Former Waukesha Fire Chief Jesse Alba's case will come to a close

Todd Ponath
Former Waukesha fire chief Jesse Alba, who was demoted last year after the Police and Fire Commission determined he violated city policies, will hear the results of his appeal on Monday in Waukesha County Circuit Court.
Published on: 6/4/2014

Jesse Alba and his attorney made their case.

Now, it's up to Judge Lee S. Dreyfus and whether he will change the Waukesha Police and Fire Commission's decision from more than seven months ago when they demoted Alba, the former Waukesha fire chief to the role of firefighter, for violating multiple city policies.

Alba appealed the Police and Fire Commission's ruling almost immediately last fall and along with his attorney, Victor E. Plantinga, finally appeared in Waukesha Circuit Court a couple weeks ago.

The city, represented by Alan Levy, also made their case on why the Police and Fire Commission's ruling should stand. Both parties will learn Dreyfus' ruling during a hearing at 3:15 p.m. Monday, June 9.

Dreyfus' decision will end the yearlong saga centered around the Fire Department's highest position.

A matter of report was filed to the Human Resources Department last summer after Alba asked a part-time department employee on two occasions to resign as a solution to get past their affair. An investigation was then launched by the city, who accused Alba of violating its anti-harassment policy, among other department rules.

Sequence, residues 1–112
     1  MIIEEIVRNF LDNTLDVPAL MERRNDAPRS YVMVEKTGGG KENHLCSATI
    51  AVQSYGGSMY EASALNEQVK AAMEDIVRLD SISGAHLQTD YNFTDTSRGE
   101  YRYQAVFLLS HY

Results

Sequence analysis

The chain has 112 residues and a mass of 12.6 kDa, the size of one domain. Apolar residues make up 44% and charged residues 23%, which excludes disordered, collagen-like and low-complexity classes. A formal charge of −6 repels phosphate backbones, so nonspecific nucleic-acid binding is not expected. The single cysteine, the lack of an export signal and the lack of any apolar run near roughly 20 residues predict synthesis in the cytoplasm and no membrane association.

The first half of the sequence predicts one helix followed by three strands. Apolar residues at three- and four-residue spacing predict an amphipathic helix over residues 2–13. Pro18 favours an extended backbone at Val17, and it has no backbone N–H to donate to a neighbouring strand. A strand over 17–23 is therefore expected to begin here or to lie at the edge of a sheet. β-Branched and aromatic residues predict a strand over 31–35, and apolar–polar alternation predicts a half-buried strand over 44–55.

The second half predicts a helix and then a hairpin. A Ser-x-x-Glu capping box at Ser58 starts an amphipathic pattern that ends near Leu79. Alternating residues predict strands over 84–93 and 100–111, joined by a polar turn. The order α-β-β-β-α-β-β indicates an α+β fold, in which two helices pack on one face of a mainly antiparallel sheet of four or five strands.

The PFC ruled that Alba did not violate the anti-harassment policy but concluded he violated many other city and department rules and that he was unfit to hold a supervisory role last October.

While Alba has taken on his role as a firefighter and the PFC has moved on with Steve Howard as the city's interim fire chief, Alba has fought the PFC's decision.

Plantinga and Alba were in court on May 22 stating why there were flaws in the process that stripped him of his job. Among them is former city attorney Curt Meitz's role in the case.

"His office was involved in the investigation of the complaint," Plantinga said. "(Meitz) should not have been advising the PFC after the mayor went to him to get advice on how to proceed."

Plantinga also had a problem with PFC Chairwoman Cheryl Gemignani's role in the hearing. Gemignani interviewed Alba for the fire chief position in spring 2013 and one of the questions was whether there was anything in Alba's professional life that may reflect negatively upon his performance or would be embarrassing. Alba responded no. Plantinga said Gemignani then sitting in on the hearings and to recall what happened during that interview was a mistake. He compared it to a judge who was a witness to a crime who then served as a judge on the case.

Levy said that argument is flawed since one of the statutory duties of a commissioner is to be in the interviews for hiring people, while also determining disciplinary issues.

Levy also countered Plantinga's argument about Meitz.

"The city attorney is an independent elected official and one of his statutory duties is to be an adviser, including for the PFC," Levy said. "He didn't take any rule in pressing the case against Alba and wasn't the attorney bringing the charges against Alba. When the issue first came up the city attorney informed the mayor that the city needs their own attorney. I don't think that is legal advice or interfering in the case."

After the hearing a couple weeks ago, Plantinga wasn't sure what Dreyfus would decide, while Levy said he's "very optimistic."

"We think the PFC acted correctly and fairly and reached a reasonable conclusion that should stand," Levy said.